In the summer of 2007, addressing the central hall of the Indian Parliament as Japan’s prime minister, I spoke of the “Confluence of the Two Seas”—a phrase that I drew from the title of a book written by the Mughal prince Dara Shikoh in 1655—to the applause and stomping approval of the assembled lawmakers. In the five years since then, I have become even more strongly convinced that what I said was correct.
Peace, stability, and freedom of navigation in the Pacific Ocean are inseparable from peace, stability, and freedom of navigation in the Indian Ocean. Developments affecting each are more closely connected than ever. Japan, as one of the oldest sea-faring democracies in Asia, should play a greater role in preserving the common good in both regions.
Yet, increasingly, the South China Sea seems set to become a “Lake Beijing”, which analysts say will be to China what the Sea of Okhotsk was to Soviet Russia: a sea deep enough for the People’s Liberation Army’s navy to base their nuclear-powered attack submarines, capable of launching missiles with nuclear warheads. Soon, the People’s Liberation Army (PLA) Navy’s newly built aircraft carrier will be a common sight—more than sufficient to scare China’s neighbours.
That is why Japan must not yield to the Chinese government’s daily exercises in coercion around the Senkaku Islands in the East China Sea. True, only Chinese law-enforcement vessels with light weaponry, not PLA Navy ships, have entered Japan’s contiguous and territorial waters. But this “gentler” touch should fool no one. By making these boats’ presence appear ordinary, China seeks to establish its jurisdiction in the waters surrounding the islands as a fait accompli.
If Japan were to yield, the South China Sea would become even more fortified. Freedom of navigation, vital for trading countries such as Japan and South Korea, would be seriously hindered. The naval assets of the US, in addition to those of Japan, would find it difficult to enter the entire area, though the majority of the two China seas is international water.
Anxious that such a development could arise, I spoke in India of the need for the Indian and Japanese governments to join together to shoulder more responsibility as guardians of navigational freedom across the Pacific and Indian oceans. I must confess that I failed to anticipate that China’s naval and territorial expansion would advance at the pace that it has since 2007. The ongoing disputes in the East China Sea and the South China Sea mean that Japan’s top foreign policy priority must be to expand the country’s strategic horizons. Japan is a mature maritime democracy, and its choice of close partners should reflect that fact. I envisage a strategy whereby Australia, India, Japan, and the US state of Hawaii form a diamond to safeguard the maritime commons stretching from the Indian Ocean region to the western Pacific. I am prepared to invest, to the greatest possible extent, Japan’s capabilities in this security diamond.
My opponents in the Democratic Party of Japan deserve credit for continuing along the path that I laid out in 2007; that is to say, they have sought to strengthen ties with Australia and India.
Of the two countries, India—a resident power in East Asia, with the Andaman and Nicobar Islands sitting at the western end of the Strait of Malacca (through which some 40% of world trade passes)—deserves greater emphasis. Japan is now engaged in regular bilateral service-to-service military dialogues with India, and has embarked on official trilateral talks that include the US. And India’s government has shown its political savvy by forging an agreement to provide Japan with rare earth minerals—a vital component in many manufacturing processes—after China chose to use its supplies of rare earths as a diplomatic stick.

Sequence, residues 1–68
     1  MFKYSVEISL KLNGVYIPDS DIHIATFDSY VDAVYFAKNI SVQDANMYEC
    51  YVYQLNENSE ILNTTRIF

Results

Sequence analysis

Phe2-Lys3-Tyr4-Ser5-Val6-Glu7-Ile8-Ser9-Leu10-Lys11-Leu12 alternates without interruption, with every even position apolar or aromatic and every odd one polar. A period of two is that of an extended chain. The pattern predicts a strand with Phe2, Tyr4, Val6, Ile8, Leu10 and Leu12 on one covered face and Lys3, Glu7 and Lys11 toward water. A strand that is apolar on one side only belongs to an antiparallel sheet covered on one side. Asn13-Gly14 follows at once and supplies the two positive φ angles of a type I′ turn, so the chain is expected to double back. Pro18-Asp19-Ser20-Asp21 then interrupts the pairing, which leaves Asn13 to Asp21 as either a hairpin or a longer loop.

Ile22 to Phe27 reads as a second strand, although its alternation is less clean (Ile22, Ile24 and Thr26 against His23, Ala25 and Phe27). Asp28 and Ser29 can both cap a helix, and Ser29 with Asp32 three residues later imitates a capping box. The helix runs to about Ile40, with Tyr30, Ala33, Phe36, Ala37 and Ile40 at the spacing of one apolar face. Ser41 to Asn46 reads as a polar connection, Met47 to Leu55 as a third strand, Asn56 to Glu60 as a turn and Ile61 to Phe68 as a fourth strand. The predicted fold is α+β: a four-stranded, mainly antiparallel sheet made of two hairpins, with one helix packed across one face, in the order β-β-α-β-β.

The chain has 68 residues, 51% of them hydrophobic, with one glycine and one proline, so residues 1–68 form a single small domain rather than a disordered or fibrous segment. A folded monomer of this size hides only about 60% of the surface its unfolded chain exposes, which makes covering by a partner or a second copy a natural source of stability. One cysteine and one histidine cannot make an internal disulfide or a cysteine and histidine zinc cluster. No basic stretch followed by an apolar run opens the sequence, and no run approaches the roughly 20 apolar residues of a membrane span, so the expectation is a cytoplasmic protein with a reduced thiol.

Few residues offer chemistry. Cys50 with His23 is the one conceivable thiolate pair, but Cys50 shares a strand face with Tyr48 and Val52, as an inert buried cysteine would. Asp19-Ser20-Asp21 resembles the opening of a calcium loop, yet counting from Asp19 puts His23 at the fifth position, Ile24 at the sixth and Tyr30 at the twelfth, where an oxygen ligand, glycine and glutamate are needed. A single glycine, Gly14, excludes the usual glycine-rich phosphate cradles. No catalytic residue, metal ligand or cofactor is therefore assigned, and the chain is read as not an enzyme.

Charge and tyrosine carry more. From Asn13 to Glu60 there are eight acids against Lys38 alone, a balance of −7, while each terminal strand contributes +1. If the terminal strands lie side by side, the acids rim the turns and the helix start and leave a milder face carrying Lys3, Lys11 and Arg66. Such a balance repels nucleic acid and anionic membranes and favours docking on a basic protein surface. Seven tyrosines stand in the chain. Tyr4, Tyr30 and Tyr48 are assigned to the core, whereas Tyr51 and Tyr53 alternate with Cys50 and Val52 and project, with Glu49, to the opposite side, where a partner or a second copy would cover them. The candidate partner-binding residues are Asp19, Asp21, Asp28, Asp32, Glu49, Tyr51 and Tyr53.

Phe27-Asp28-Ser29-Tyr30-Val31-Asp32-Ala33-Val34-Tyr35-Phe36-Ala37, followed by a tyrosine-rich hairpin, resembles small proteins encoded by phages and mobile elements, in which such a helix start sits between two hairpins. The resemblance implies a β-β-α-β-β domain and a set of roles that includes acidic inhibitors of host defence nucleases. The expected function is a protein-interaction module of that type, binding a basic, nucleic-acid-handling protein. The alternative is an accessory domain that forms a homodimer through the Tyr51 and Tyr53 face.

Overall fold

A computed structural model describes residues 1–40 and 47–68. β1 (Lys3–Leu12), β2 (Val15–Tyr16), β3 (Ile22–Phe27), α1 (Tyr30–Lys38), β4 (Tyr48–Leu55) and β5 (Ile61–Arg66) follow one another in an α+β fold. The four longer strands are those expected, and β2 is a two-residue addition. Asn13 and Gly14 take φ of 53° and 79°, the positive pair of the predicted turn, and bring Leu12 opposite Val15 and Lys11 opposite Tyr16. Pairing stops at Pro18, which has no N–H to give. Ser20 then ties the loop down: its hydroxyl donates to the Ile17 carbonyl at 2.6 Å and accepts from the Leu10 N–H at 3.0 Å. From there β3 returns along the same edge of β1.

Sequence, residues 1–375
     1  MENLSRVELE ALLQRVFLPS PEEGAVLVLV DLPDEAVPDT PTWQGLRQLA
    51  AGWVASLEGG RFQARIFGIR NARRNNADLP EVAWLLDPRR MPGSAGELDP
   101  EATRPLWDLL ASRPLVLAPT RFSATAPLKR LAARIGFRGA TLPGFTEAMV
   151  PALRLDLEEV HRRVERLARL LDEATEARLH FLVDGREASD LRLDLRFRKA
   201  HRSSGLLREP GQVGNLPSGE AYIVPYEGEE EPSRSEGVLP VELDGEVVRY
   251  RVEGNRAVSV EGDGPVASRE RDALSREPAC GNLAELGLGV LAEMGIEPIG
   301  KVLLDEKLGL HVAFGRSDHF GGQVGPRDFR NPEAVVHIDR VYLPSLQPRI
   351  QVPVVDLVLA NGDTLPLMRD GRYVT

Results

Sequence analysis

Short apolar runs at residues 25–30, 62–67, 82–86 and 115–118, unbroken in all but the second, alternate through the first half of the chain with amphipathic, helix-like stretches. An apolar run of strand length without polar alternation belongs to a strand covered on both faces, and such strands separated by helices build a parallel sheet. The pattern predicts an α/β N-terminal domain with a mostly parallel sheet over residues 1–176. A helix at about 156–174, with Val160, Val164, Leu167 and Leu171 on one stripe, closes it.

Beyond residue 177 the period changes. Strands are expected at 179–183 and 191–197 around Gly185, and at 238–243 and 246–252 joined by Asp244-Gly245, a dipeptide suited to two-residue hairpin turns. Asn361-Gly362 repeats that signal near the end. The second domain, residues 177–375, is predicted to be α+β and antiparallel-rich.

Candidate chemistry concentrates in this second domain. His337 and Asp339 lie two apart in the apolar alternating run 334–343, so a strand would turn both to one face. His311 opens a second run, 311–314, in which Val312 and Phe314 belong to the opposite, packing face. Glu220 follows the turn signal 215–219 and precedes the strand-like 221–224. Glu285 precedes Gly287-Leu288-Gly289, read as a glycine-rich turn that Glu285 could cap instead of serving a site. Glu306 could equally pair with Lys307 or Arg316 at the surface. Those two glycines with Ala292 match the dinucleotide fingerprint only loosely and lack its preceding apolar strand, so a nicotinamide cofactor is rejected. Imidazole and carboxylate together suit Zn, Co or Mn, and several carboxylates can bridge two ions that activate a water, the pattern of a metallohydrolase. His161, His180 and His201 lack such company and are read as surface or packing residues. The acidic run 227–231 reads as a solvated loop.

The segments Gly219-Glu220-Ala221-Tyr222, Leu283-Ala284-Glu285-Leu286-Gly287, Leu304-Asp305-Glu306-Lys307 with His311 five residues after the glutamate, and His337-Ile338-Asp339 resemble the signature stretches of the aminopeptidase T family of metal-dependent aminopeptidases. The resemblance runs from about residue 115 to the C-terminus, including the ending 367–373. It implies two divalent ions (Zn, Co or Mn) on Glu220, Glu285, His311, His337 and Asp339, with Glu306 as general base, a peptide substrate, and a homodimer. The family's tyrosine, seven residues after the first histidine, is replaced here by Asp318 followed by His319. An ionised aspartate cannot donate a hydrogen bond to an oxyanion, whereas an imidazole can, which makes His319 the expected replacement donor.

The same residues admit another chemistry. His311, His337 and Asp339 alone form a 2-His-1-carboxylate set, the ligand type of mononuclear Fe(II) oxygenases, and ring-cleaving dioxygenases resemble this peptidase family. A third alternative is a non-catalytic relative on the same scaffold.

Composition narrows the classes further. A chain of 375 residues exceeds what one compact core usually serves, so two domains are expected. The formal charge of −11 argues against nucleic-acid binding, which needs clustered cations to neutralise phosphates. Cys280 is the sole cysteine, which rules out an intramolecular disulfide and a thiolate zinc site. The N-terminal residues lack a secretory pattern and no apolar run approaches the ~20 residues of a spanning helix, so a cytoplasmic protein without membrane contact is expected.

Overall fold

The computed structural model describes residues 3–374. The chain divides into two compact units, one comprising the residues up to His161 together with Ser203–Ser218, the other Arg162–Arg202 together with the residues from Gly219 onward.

I would also invite Britain and France to stage a comeback in terms of participating in strengthening Asia’s security. The sea-faring democracies in Japan’s part of the world would be much better off with their renewed presence. The UK still finds value in the Five Power Defence Arrangements with Malaysia, Singapore, Australia, and New Zealand. I want Japan to join this group, gather annually for talks with its members, and participate with them in small-sized military drills. Meanwhile, France’s Pacific Fleet in Tahiti operates on a minimal budget but could well punch above its weight.
That said, nothing is more important for Japan than to reinvest in its alliance with the US. In a period of American strategic rebalancing toward the Asia-Pacific region, the US needs Japan as much as Japan needs the US. Immediately after Japan’s earthquake, tsunami, and nuclear disaster in 2011, the US military provided for Japan the largest peacetime humanitarian relief operation ever mounted—powerful evidence that the 60-year bond that the treaty allies have nurtured is real. Deprived of its time-honoured ties with America, Japan could play only a reduced regional and global role.
I, for one, admit that Japan’s relationship with its biggest neighbour, China, is vital to the well-being of many Japanese. Yet, to improve Sino-Japanese relations, Japan must first anchor its ties on the other side of the Pacific; for, at the end of the day, Japan’s diplomacy must always be rooted in democracy, the rule of law, and respect for human rights. These universal values have guided Japan’s post-war development. I firmly believe that, in 2013 and beyond, the Asia-Pacific region’s future prosperity should rest on them as well. ©2012/Project Syndicate
Shinzo Abe is the Prime Minister of Japan. He wrote this article in November, before Japan’s parliamentary election.